Overall the weather systems move poleward when the oceans are net emitters of energy and move equatorward when the oceans are net absorbers of energy.
    The air circulation affects short term ocean phenomena such as ENSO but the global net background ocean phase changes determine whether the air is cooling or warming at any given moment and I think those phase changes occur independently of influences in the air.
    I arrive at these opinions by weighing the timing of the events we have observed and the relative scales of the various components of the system together with the requirement that the net energy flow be one way.
    The key observation for me was noting the poleward shift in the weather systems in the 70’s and the shift back equatorward around 2000.
    That shift followed the SST changes on both occasions. That shift must have a function and I believe it to be varying the rate of energy flow from surface to space in order to maintain sea surface and surface air temperature equilibrium.
    If the rate of energy flow from surface to space is changed in order to deal with variations in energy flow from the oceans then it is likely that the same mechanism could deal with extra energy in the air from increased CO2 or indeed water vapour.
    The changes in the latitudinal position of the main weather systems could well be the mechanism that AGW proponents were unable to find as a means of neutralising extra energy in the air from more CO2. It works well enough when overall humidity changes as a result of ocean surface warming so it should be easily able to deal with our puny influence.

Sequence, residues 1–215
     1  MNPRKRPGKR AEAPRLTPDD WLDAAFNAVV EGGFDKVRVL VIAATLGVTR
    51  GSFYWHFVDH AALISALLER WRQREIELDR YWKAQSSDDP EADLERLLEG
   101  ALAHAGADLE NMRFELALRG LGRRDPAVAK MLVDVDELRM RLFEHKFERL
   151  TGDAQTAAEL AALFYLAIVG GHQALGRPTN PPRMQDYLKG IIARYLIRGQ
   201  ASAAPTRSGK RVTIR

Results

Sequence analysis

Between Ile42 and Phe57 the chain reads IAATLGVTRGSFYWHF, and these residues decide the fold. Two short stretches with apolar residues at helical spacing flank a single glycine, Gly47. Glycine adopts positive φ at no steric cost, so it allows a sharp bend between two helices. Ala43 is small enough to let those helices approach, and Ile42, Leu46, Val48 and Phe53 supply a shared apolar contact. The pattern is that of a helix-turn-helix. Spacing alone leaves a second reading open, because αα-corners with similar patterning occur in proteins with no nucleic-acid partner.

19. Basil: The link you give:
    http://science.nasa.gov/headlines/images/elnino/jetstream.gif
    took me to Peter Taylors’:
    the Maunder Minimum (a low point in the long term solar magnetic cycle) is associated both with the Little Ice Age, and with a southerly shift of the jet-stream
    And :
    solar activity and its effects on tropospheric climate. Reiter (1983) has launched series of radiosonde flights immediately after energetic solar flares. These observations revealed lowering of the tropopause, intrusion of warm
    stratospheric air from higher levels, formation of a sharply defined secondary ozone maximum immediately above the tropopause, perforation of the tropopause, emergence of jet streams, and change from zonal to meridional circulation

    Theodor Landscheidt:Predictable Cycles in Geomagnetic Activity and Ozone Levels

  20. John F. Hultquist (09:53:32)
    “My thought is we are accustomed to thinking of things as being independent or dependent variables – “ENSO drives PDO, and the like” – while, in fact, nature is more complex, with lots of co-dependencies. Sort of like a spider’s web – tweak it on any line, node, or connection and the whole thing responds”
    I agree with you. There is a tendency to try to find short cuts to answers. But it doesn’t work that way.
    I like this viewpoint of Richard Feynman :

  21. Adam perhaps instead of clouds a more immediate driver would be the difference in albedo from ice and snow. A cool PDO has warm SSTs in the western Pacific and a warm one has the warm SSTs in the eastern Pacific. With predominant easterly winds, during the cool phase warm waters heat the air which then blow across open ocean having little effect and during the warm phase the water warms air which then blows across N. America reducing the amount of ice and snow cover thereby reducing albedo.

  22. Basil: I haven’t been ignoring your post. I believe I must have I forgotten to press “Submit Comment” with my first comment before I closed the window. Or with the links, it’s awaiting moderation. Either way, I’ll try again.